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We here at Film Daily are huge advocates of film festivals. However, there is one fest that each year seems to get progressively more outdated and it just so happens to be one of the most revered – Cannes Film Festival.

#Flatgate: All the reasons Cannes Film Festival needs to get a clue

We here at Film Daily are huge advocates of film festivals. However, there is one fest that each year seems to get progressively more outdated and it just so happens to be one of the most revered – Cannes Film Festival.

Don’t get us wrong; we’re all for the filmmaking talent that spreads across the event each year, and we’ve even got a few predictions as to who we’d love to see in the lineup. However, the well-established event has introduced just a few too many draconian regulations over the years, adding to them last week with the release of a no press screening rule.

No press

No press screenings at Cannes Film Festival 2018

Cannes Film Festival chief Thierry Frémaux announced last Friday there will be no press screenings ahead of the evening red carpet premieres in 2018. In an interview with French trade magazine Le Film Français, Frémaux confirmed that no press events will be held the morning of the world premiere and therefore members of the press will view the movies at the same time as audiences in the Lumiere Theater. The chief reckons, “It will be total suspense.”

However, it’s also going to mean a severe lack of good & bad buzz ahead of the evening. Cannes critics are notoriously harsh at the annual festival and can often seal the fate of a movie before its even made its way to the regular audiences. This is something Frémaux is evidently looking to avoid, although at what cost?

No selfies

Cannes Film Festival bans red carpet selfies

The Cannes chief also revealed another red carpet ban – selfies. Frémaux declared: “We decided with (Cannes president) Pierre Lescure to outright forbid them. At the top of the red carpet, the triviality and slowdown caused by the untimely disorder created by the practice of selfies harms the quality of the climb up the steps, and so at the entire festival.” What this enforcement will look like is yet to be seen. Will there be specialized “selfie guards” ensuring no celebrity gets trigger happy with their iPhones? Or perhaps celebs will be forced to drop their cams off before stepping onto the red carpet. Speaking of which:

No flats

Cannes Film Festival's heels rule

Cannes considers itself to be an elysium of old-fashioned glitz & glamour, and there’s one “old” rule in particular it refuses to let go of (despite the controversy). Although several other draconian policies have come out since then (more on that next), a couple of years back, Cannes caused an uproar over its red carpet shoewear rule in what eventually became known as Flatgate.

In 2015, a group of women were denied access to the red carpet screening of a Cate Blanchett (Carol) film because they were wearing flat shoes. Albeit they were rhinestone-embellished ones, but nonetheless, it was simply unacceptable to Cannes because they weren’t heels.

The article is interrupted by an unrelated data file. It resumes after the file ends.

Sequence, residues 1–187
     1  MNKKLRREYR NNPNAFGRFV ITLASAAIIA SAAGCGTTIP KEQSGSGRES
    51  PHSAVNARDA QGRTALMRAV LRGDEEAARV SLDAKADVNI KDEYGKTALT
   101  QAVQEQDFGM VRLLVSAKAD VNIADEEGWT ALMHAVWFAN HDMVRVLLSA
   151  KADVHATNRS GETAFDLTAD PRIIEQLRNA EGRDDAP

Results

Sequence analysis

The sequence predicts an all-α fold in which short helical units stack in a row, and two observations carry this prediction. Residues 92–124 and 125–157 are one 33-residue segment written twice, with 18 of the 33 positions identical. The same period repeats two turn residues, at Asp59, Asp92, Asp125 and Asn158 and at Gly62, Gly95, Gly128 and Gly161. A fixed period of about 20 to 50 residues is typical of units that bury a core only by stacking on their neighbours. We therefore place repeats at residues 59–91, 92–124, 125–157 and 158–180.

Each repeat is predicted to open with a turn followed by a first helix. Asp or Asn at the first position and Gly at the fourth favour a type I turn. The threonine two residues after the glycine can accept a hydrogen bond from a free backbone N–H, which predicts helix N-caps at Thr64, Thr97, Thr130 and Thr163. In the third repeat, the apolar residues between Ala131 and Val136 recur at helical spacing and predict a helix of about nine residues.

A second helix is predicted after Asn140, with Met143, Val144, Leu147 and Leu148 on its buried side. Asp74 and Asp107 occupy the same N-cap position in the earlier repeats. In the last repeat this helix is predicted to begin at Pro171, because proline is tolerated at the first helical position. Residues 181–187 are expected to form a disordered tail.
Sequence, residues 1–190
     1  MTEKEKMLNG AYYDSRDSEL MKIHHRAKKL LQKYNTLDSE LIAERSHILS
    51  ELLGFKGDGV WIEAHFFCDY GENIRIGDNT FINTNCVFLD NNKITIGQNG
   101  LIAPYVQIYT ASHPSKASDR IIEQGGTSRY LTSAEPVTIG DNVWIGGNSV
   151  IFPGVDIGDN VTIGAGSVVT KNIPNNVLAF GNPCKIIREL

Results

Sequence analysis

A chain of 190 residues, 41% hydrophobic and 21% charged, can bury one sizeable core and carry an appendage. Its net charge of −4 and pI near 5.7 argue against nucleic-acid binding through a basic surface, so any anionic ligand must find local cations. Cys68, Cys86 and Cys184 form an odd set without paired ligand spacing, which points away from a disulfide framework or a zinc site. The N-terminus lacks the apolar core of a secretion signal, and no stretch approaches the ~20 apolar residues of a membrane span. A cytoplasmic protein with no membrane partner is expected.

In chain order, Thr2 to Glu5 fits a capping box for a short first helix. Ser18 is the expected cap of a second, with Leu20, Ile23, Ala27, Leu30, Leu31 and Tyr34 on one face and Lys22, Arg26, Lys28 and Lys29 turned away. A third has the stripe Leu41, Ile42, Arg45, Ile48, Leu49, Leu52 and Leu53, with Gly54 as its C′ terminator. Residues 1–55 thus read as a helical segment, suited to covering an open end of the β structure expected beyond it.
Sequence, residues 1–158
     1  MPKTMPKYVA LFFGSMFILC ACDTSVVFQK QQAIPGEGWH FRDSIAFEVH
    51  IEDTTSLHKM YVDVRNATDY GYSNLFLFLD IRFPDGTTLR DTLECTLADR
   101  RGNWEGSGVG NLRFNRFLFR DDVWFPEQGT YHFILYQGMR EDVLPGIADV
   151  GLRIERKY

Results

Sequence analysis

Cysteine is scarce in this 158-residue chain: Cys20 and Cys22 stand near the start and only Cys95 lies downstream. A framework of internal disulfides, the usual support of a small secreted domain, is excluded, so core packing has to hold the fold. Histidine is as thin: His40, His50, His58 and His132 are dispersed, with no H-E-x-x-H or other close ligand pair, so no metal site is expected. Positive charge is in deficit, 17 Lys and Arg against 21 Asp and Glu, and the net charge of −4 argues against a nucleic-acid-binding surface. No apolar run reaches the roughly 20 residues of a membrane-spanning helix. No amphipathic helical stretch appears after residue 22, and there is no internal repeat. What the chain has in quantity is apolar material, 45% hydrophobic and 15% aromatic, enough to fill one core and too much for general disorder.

While festival officials refused to comment at the time, they did confirm it was an unwritten rule. Many weighed in on the rule, including actress Emily Blunt (A Quiet Place), who stated, “I think everyone should wear flats, to be honest . . . I prefer to wear Converse sneakers. That’s very disappointing.” Although you might think times have changed since then, according to Kristen Stewart, it remains an “unspoken rule”.

No Netflix

Netflix banned from competing at Cannes Film Festival

One of the most obvious examples of Cannes Festival showing its age went down last year when it banned films not released on the big screen from competing for its most prestigious prize, the Palme d’Or.

The move came after unrest about inclusion of Netflix films The Meyerowitz Stories & Okja in competition last year; the Federation of French Cinemas was not happy Netflix’s offerings were not released in French cinemas. Out of this, Cannes launched a rule to start in 2018 whereby all films competing will be required to have a theatrical release in France.

However, in a wider context it seems the new rule could place restrictions on mid-level movies no longer distributed by Hollywood’s biggest studios. As Inverse pointed out, “It’s harder than ever to get a studio to back an original movie out of the gate . . . . More and more, only when a movie is independently financed and finished do studio execs consider distributing it, and often, that’s just to get their names on Oscar contenders.”

No chill

So where does this leave us? While we all know Cannes was once the epicenter for Hollywood studios bringing their splashy summer offerings, with a changing landscape in film viewing and distribution, it’s undoubtedly clear the fest needs to get with the times. If they want filmmakers to continue to attend, perhaps its organizers should update its regulations, give Netflix movies a fighting chance, and maybe allow women to rock some Vans on the red carpet.

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